It’s true that you can find something to say about almost anything, and that there is no one uniform approach that works for teaching all novels. The Naming of the Dead seems to me an in-between case: I’m ruling it out (I think) because it requires too big an investment for the likely payoff in this particular course. It also matters to me that Knots and Crosses — which is both short and suspenseful — is always very popular with students: it is often singled out in course evaluations as a favorite, for instance, and class discussions about it tend to be pretty lively. (This year The Terrorists has been our most-discussed book so far, though.) Maybe it will inspire students to go on and read more of Rankin’s (better) novels on their own; I’m guessing that the number who are inspired to read more Wilkie Collins is very small! I suppose I could swap it out for a different example of the police procedural. I’ve tried that before, actually: one year we read Ed McBain’s Cop Hater, which earned its spot on the list because the 87th Precinct series was ground-breaking of its kind. But for all that is interesting about it, Cop Hater is a really badly written novel, or so we ended up thinking by the time we’d talked it through. In that case, being teachable turned out not to be enough to teach it again!

If you’re curious about which books I’ve chosen over the years, in Mystery and Detective Fiction or in my other classes, you can get a good sense of the range by scanning the On Teaching page of this blog.

Sue Grafton: W is for Wasted [Time]

grafton-wIt’s actually a bit harsh to imply that reading W is for Wasted is a waste of time. Grafton is too good at her craft for that: the story is multifaceted and the elements unravel and then knit up together in a satisfying enough way. But it’s such a plodding book overall. First, Grafton seems to believe that she has to recap Kinsey’s history and living situation in detail every single time. Maybe she’s right about that strategically: not everyone reading W is for Wasted will have read A through V, after all, and she doesn’t want them to be confused or feel left out. That doesn’t make it any more interesting for those of us who already know all that. I’ve been trying to think how the other authors of long-running mystery series handle this continuity problem. That I can’t remember ever being bored or annoyed by, say, Robert B. Parker, or P. D. James, or Elizabeth George for the same reasons suggests that whatever they do about it, it’s somehow more artful. Grafton’s decision to keep Kinsey in the 80s also contributes to the boredom, I think: she and her life haven’t changed or progressed very far in the 30 years the series has been coming out.

Then there’s Grafton’s T. M. I. problem, which I’ve written about beforeW is for Wasted is just as lifelessly detailed as whichever one of her novels I was reading then. I’m not a fan of the silly “show, don’t tell” rule — but that doesn’t mean you have to tell us everything. There are examples of needless specifics on pretty much every page; here’s a representative bit from Kinsey’s arrival at a low-budget motel:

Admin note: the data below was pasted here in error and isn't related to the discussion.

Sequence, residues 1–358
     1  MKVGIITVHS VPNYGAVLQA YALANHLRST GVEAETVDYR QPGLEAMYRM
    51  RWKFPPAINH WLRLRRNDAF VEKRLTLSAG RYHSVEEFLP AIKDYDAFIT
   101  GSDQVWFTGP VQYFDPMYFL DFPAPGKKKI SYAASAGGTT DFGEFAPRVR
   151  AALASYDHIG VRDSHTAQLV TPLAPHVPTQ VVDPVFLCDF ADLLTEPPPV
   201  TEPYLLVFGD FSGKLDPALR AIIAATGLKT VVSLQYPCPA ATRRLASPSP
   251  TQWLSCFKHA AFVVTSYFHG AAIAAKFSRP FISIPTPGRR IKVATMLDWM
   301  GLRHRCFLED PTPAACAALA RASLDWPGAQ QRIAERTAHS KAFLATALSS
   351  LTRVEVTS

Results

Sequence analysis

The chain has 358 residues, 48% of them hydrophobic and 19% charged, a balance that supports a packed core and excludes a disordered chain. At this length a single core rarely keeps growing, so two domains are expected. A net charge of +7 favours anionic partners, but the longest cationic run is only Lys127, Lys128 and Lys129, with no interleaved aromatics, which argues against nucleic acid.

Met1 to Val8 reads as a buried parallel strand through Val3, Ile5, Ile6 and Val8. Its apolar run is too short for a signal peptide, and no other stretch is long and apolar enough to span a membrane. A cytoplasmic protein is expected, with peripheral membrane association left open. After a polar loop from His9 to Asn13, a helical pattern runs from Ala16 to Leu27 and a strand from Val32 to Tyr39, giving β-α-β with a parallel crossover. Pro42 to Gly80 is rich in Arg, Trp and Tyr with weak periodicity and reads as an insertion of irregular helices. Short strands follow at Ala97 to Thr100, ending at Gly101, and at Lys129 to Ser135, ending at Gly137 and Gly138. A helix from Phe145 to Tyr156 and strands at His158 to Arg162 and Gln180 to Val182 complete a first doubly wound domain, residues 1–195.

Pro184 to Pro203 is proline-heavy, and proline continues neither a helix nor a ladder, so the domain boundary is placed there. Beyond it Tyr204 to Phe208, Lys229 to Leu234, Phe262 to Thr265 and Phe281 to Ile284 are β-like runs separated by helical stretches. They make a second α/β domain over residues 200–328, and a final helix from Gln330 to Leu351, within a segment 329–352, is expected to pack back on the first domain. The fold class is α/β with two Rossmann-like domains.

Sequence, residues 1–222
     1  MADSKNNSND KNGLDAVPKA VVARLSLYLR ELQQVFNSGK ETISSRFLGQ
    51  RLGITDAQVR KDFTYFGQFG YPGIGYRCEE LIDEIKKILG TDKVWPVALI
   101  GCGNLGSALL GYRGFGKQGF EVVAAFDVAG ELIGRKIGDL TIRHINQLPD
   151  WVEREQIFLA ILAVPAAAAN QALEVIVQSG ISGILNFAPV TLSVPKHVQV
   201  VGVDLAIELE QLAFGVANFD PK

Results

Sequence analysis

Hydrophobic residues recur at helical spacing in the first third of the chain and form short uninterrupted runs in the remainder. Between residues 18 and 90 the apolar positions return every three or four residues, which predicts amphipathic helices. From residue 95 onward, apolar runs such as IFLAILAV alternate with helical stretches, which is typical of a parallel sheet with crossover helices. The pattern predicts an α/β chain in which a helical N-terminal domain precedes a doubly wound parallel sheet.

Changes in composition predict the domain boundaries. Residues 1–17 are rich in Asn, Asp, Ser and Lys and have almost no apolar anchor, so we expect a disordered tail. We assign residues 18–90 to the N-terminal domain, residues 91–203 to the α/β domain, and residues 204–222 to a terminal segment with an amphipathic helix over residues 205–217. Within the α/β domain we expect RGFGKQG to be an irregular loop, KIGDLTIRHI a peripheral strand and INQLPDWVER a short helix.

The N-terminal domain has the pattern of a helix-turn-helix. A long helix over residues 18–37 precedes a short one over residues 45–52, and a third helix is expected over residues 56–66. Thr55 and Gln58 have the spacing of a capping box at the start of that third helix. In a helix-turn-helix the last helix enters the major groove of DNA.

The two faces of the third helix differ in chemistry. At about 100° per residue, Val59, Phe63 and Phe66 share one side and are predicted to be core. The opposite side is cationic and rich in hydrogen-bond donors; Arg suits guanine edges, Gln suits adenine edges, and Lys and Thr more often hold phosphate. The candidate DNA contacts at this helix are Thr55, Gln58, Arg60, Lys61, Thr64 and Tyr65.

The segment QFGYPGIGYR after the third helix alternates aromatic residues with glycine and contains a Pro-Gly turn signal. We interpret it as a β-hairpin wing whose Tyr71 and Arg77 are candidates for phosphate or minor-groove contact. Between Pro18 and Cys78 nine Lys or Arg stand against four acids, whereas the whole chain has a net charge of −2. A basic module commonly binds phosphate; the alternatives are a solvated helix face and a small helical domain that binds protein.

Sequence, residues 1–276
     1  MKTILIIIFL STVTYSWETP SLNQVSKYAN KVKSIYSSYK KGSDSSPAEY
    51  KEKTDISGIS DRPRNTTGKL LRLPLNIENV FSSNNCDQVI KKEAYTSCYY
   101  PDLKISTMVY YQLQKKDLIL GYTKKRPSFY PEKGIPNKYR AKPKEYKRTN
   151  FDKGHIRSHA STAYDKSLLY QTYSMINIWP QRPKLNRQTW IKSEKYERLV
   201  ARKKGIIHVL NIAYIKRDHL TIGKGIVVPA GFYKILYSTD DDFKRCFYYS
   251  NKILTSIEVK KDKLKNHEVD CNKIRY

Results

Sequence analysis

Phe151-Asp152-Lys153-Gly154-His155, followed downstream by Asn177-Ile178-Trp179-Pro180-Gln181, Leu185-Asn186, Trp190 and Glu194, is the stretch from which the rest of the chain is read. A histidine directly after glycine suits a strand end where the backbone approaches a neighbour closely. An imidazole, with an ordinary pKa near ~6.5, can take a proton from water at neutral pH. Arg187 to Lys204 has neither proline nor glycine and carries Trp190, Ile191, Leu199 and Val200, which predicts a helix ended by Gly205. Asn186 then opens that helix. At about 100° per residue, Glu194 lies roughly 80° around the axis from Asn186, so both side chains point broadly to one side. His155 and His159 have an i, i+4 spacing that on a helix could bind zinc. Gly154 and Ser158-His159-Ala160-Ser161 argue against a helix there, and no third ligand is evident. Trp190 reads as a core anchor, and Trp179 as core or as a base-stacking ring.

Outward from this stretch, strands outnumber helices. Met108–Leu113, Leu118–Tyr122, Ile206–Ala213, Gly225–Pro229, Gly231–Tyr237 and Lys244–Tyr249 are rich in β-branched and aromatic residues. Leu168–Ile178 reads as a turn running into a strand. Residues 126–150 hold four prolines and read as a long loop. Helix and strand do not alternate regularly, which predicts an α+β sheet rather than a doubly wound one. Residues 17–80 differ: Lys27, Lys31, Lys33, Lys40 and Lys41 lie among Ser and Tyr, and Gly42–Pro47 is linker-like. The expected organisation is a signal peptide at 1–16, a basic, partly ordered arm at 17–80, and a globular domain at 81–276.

I unlocked the door and flipped on the light. The interior was dank. On the beige wall-to-wall carpet there was a ghostly foot path from the bed into the bathroom. A small secondary side road ran from the bed as far as the television set. I did a quick circuit. The heating and air-conditioning system, if you want to call it that, was a narrow unit installed just under the windowsill, with seven options in the way of temperature control. Heat: off or on. Cold: off or on. Fan: on, off, or auto. I tried to calculate the number of possible combinations, but it was way beyond my rudimentary math skills. The bathroom was clean enough and the motel had provided me two bars of soap, neatly sealed in paper. One was slightly larger than the other and was intended for the shower. I unwrapped the smaller one, standing at the sink. The chrome fixtures were pitted and the cold-water knob squeaked in protest when I paused to wash my hands. I felt a tap on my head and looked up to find water dripping slowly from a ceiling fixture. I unloaded my toiletries from the duffel — shampoo, conditioner, deodorant, toothbrush and toothpaste — and lined everything up on the vanity. True to form, there were no other amenities provided, so I was happy I’d brought my own. I tried the wall-mounted dryer and smelled burning hair.

I was getting a bit long in the tooth to stay in places like that.

 I’m getting long in the tooth waiting for you to get on with it! OK, I understand, you’re setting the scene, but (1) you really don’t have to, since Kinsey is going to spend exactly one night in this dive and nothing of significance will happen to her there and (2) even if for some reason you want us to be able to really picture it, you could pick some resonant details (the worn path on the carpet, for instance, and the smell of burning hair) and leave out the fan options, the number of bars of soap, and the list of her entirely predictable toiletries. The book is padded like this throughout, as if Grafton just can’t tell what to leave in and what to leave out:

I opened the bottom drawer and pulled out the telephone directory. I flipped to the Ss in the business listings and ran a finger down the page until I found “Santa Teresa Hospital.” There was a general number listed, a number for the emergency room, one for poison control, and then a few department numbers that could be dialed directly, including administration, billing, patient accounting, human resources, development, and public affairs.